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Synopsis

Evar Méndez maintains that the “imposition of a foreign intellectual meridian on the Argentines, whose young culture and nascent art just needs time to grow and assert itself until it achieves its own, unique identity […], is ridiculous and grotesque.” In this regard, he points out that this same journal, Martín Fierro, has already set forth all the arguments rejecting the hypothesis or wishes of Spanish writer Guillermo de Torre in issue after issue. Finally, Méndez states that “unexpectedly,” . . . “young Argentine thinking” has already had repercussions throughout Latin America, Italy, France and even on “sensible people” in Spain. Furthermore, he hopes that “all this will serve as a useful lesson for the Spanish people, who are charged with the urgent task of revising their ideas about Latin America and who must deal with our changing relationship.”

Annotations

Martín Fierro (1924-1927) held a distinguished place among the great proliferation of avant-garde journals published in Argentina, especially in Buenos Aires, in the 1920s. The editor was Evar Méndez, although in 1925, Oliverio Girondo, Eduardo J. Bullrich, Sergio Piñero and Alberto Prebisch served as coeditors. Its contributors included great Argentine writers such as Girondo, Ricardo Molinari, Leopoldo Marechal and Jorge Luis Borges, among others; and its artist contributors included Emilio Pettoruti, Xul Solar and Norah Borges.

Martín Fierro was discontinued during Hipólito Yrigoyen’s campaign for the presidency of Argentina (1928-30). At that time, the editorial group was divided between those who proposed that politics be introduced into the pages of the magazine and those who opposed that change. This internal dispute led to the closing of the publication. At the time of its publication, Martín Fierro was perceived by its contemporaries as a representative of the avant-garde in Argentina.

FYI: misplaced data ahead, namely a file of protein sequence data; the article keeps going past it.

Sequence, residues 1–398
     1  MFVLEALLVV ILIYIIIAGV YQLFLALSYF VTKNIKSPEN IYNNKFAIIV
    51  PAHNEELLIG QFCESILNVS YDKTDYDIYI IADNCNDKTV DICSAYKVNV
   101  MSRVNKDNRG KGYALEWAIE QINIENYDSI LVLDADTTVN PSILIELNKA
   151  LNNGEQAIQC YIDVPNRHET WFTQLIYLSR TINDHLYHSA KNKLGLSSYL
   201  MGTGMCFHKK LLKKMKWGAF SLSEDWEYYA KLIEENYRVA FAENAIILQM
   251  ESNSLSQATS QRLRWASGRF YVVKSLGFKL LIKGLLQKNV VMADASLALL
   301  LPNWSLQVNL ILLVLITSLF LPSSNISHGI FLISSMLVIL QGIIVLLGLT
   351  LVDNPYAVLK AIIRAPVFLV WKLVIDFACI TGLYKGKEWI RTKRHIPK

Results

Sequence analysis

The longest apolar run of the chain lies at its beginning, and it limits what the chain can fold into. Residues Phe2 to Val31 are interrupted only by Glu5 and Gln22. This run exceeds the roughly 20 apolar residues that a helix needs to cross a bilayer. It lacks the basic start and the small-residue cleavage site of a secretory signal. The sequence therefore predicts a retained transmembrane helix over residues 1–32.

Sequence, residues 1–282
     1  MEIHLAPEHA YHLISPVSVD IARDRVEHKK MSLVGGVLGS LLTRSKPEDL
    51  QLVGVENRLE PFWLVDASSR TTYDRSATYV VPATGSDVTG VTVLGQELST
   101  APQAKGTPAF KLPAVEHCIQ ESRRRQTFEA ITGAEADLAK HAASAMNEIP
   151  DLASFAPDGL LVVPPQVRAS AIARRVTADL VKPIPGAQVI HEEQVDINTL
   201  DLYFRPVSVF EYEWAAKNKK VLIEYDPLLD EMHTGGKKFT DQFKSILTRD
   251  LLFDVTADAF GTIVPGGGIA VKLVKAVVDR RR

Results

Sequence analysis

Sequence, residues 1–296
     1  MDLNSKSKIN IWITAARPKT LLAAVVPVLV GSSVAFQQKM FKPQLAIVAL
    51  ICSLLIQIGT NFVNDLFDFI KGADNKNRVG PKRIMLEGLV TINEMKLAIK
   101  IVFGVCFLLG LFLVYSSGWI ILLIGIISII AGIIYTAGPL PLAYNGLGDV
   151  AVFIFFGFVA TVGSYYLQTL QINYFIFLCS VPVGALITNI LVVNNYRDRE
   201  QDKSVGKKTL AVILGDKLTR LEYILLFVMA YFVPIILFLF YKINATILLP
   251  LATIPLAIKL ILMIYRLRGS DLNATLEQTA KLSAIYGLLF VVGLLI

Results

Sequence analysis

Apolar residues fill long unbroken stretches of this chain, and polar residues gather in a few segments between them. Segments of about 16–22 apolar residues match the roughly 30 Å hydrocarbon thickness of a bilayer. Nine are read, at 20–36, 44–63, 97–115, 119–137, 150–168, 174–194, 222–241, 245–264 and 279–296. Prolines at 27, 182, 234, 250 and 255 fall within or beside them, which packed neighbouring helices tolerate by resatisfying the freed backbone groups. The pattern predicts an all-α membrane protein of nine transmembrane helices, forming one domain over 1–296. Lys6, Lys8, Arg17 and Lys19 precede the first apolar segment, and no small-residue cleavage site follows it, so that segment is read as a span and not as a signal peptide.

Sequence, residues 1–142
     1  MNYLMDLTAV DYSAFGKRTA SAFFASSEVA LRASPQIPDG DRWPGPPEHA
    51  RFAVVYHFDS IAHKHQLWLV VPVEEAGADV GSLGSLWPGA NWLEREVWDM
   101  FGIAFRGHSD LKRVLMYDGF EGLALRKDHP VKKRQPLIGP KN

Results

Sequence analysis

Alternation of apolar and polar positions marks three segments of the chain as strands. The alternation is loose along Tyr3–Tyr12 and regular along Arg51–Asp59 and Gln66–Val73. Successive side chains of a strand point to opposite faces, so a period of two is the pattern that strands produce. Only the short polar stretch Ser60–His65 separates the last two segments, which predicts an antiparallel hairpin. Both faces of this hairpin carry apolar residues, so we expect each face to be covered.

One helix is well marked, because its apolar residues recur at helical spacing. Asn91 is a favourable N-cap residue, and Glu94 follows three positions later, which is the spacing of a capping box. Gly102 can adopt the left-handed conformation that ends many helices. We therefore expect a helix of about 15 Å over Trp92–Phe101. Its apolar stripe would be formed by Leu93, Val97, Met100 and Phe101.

This article by Evar Méndez (1888-1955) represents a response to a text published in the journal La Gaceta Literaria in Madrid on April 15, 1927, written by Guillermo de Torre and entitled “Madrid, meridiano intelectual de Hispanoamérica” [Madrid, Intellectual Meridian of Latin America]. The text contends that there is a natural affiliation of the Latin American nations with Spain. Thus, the writer reaches the conclusion that Latin America should look to this European country as an intellectual reference point and not the others, say either France or Italy.

In addition to Evar Méndez, other writers in issue No. 42 of Martín Fierro, dated June 10, 1927, presented their responses to Guillermo de Torre’s text. The general title was displayed by the journal as a two-page spread, “Un llamado a la realidad ¿Madrid, meridiano intelectual de Hispano - América?” [A Reality Check: Madrid, Intellectual Meridian of Latin America?] Below this title is a text by Nicolás Olivari “Madrid, meridiano intelectual de Hispano – América,” one by Ricardo E. Molinari “Una carta” [A Letter], one by Ildefonso Pereda Valdés “Madrid, meridiano, etc.,” one by Jorge Luis Borges “Sobre el meridiano de una gaceta” [On the Meridian of a Gazette], one by Pablo Rojas Paz “Imperialismo baldío” [Barren Imperialism], one by Santiago Ganduglia, “Buenos Aires, Metrópoli” [Buenos Aires, Metropolis], one by Raúl Scalabrini Ortiz “La Implantación de un meridiano – Anotaciones de sextante” [The Implementation of a Meridian—Plotting by Sextant], one by Ortelli y Gasset (a pseudonym of Jorge Luis Borges and Carlos Mastronardi) “A un meridiano encontrao en una fiambrera” [To a Meridian Found in a Lunch Box], and one last text by Lisardo Zia “Para ‘Martín Fierro’” [To “Martin Fierro.”]

Evar Méndez, editor of Martín Fierro, presented his own response under the title “Asunto fundamental” [A Fundamental Issue] (See issue No. 44-45 of the journal, August 31- November 15, 1927.)

All these essays show what a huge controversy was stirred up in Martín Fierro by Guillermo de Torre’s text; this was also reflected in other publications in Peru, Puerto Rico, Uruguay, Brazil, etc.

Researcher
Natalia Pineau
Team
Fundación Espigas, Buenos Aires, Argentina
Credit
© 2012 Evar Méndez Estate
Location
Fundación Pan Klub - Museo Xul Solar.